‘Life-changing’ drug for sickle cell disease to be offered by NHS in England

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A new treatment for sickle cell disease has been recommended by the health watchdog in a move described as life-changing for people living with the condition in England.

The drug, Voxelotor, has been recommended for use on the NHS in England by the National Institute for Health and Care Excellence (Nice) in people with the disease who are aged 12 and over.

The drug, administered as a daily tablet, is said to significantly improve the quality of life for people with sickle cell by helping to reduce their need for blood transfusions, which can then lead to having fewer hospital visits.

The condition is more prevalent in people with an African or Caribbean family background, according to the NHS. In England, about 17,000 people are living with the disease. Of those, 4,000 are believed to be eligible for the new treatment.

The drug’s approval has been welcomed by charities and organisations that work closely with people living with sickle cell disease.

Charles Kwaku-Odoi, the chief executive of the Caribbean and African Health Network (CAHN), said: “On behalf of people living with Sickle Cell and the Black community as a whole, we are absolutely delighted that this treatment has been approved by Nice. This treatment offers significant hope of better quality of life to those that suffer from this often-debilitating condition. At CAHN, we continue to advocate and amplify patient voices when addressing systemic inequities for a community that is underserved.”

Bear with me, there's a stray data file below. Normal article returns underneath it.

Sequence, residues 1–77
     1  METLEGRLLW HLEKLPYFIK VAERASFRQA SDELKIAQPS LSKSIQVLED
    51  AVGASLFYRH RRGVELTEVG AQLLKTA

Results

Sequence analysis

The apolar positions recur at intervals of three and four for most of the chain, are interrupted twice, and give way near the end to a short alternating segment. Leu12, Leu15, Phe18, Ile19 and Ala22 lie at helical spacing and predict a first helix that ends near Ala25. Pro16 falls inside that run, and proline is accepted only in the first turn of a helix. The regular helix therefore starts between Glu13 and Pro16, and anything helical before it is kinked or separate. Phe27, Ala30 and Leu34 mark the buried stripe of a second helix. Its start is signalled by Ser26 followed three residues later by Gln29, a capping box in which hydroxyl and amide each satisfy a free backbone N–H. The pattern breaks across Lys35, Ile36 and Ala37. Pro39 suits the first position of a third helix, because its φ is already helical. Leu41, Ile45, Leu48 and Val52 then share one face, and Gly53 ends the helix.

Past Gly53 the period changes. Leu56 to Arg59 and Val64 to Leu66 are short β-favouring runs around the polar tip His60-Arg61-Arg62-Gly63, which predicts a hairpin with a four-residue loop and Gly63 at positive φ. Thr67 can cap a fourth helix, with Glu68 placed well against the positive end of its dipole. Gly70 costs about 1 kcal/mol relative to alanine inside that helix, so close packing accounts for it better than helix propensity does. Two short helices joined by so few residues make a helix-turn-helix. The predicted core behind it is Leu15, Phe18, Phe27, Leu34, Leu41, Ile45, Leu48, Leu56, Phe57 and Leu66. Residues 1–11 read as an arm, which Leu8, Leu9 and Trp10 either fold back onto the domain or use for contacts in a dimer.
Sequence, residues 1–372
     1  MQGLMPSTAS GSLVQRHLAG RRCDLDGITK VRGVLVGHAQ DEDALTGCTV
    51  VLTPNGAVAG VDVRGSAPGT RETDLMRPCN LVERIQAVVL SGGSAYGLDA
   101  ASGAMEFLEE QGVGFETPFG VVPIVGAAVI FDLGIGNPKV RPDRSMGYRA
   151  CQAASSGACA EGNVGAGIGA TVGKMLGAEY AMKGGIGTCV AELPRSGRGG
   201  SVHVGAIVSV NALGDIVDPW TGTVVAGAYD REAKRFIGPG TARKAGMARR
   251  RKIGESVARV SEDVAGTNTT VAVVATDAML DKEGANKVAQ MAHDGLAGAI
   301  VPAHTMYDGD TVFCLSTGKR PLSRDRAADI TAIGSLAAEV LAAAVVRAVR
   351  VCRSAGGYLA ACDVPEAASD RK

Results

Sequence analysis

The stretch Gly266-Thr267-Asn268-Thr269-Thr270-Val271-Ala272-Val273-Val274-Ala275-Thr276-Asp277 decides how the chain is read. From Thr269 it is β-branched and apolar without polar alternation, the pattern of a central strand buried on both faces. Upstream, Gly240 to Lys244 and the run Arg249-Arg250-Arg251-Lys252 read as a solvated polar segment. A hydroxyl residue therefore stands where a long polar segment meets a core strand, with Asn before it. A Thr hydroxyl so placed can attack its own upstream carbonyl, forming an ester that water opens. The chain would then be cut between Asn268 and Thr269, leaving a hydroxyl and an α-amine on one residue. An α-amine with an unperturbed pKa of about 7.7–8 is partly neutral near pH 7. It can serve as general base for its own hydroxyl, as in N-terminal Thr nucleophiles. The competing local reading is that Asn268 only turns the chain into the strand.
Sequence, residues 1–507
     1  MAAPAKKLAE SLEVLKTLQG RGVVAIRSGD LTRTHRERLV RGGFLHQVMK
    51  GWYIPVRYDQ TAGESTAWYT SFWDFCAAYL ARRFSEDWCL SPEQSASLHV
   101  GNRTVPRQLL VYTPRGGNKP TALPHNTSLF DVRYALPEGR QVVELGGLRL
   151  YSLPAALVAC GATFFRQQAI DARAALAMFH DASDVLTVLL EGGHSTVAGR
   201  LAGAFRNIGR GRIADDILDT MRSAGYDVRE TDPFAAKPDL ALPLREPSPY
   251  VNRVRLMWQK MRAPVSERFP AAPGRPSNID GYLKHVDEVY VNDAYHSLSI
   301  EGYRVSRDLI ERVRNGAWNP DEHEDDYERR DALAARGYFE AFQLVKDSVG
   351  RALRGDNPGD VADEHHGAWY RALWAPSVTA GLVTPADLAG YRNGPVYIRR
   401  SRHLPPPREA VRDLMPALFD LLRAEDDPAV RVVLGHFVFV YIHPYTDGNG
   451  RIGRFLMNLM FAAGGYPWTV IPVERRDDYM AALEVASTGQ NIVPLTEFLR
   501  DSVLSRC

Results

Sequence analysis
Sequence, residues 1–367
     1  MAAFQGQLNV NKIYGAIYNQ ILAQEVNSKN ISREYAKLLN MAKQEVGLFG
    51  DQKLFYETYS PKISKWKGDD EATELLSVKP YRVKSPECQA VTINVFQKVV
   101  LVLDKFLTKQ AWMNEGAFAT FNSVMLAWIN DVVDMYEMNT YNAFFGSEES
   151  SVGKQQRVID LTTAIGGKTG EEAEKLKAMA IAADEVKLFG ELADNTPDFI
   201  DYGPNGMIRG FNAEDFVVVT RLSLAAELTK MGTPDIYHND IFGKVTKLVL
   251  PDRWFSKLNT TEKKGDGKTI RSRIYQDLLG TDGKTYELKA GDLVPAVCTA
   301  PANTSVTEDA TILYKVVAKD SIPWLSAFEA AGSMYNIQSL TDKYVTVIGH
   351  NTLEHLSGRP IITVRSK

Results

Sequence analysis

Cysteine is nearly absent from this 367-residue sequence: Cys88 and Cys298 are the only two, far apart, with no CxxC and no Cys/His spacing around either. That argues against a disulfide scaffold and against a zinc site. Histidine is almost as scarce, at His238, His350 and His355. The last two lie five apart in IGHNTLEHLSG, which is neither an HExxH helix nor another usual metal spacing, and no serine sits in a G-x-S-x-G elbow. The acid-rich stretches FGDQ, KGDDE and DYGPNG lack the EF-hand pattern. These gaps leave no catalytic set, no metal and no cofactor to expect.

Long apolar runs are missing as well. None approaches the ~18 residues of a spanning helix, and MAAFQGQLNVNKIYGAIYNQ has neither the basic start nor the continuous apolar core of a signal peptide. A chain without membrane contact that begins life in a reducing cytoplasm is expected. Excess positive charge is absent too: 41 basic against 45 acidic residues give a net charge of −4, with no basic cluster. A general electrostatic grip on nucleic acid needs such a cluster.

John James, the chief executive of the Sickle Cell Society, said that the decision by Nice has brought “brought a great deal of hope, and we are profoundly grateful that this day has arrived. It is a deeply life changing and celebrated moment for people living with the condition.”

Sickle cell disease changes the shape of blood cells into crescents, hindering blood flow. Sufferers experience severe painful episodes, which can require hospital admission. Life expectancy can be 20 to 30 years shorter than in the general population.

Helen Knight, director of medicines evaluation at Nice, said: “This is great news for people with sickle cell disease, particularly given the health inequalities experienced by people with the condition.

“Throughout our appraisal of Voxelotor the appraisal committee has always considered that it has the potential to address the need for effective treatments for sickle cell disease, as well as address Nice’s aim of reducing health inequalities.”

Prof Bola Owolabi, director of the National Healthcare Inequalities Improvement Programme at NHS England, said: “We are proud to make this new treatment available on the NHS – it could help thousands of patients living with sickle cell disease across the country to have a higher quality of life and experience fewer side effects, and represents a significant step forward in addressing the healthcare inequalities experienced by some of our communities.

“It is vital that we continue to get new drugs into the hands of NHS clinicians to improve the lives of people living with sickle cell disorder.”

Source: theguardian.com

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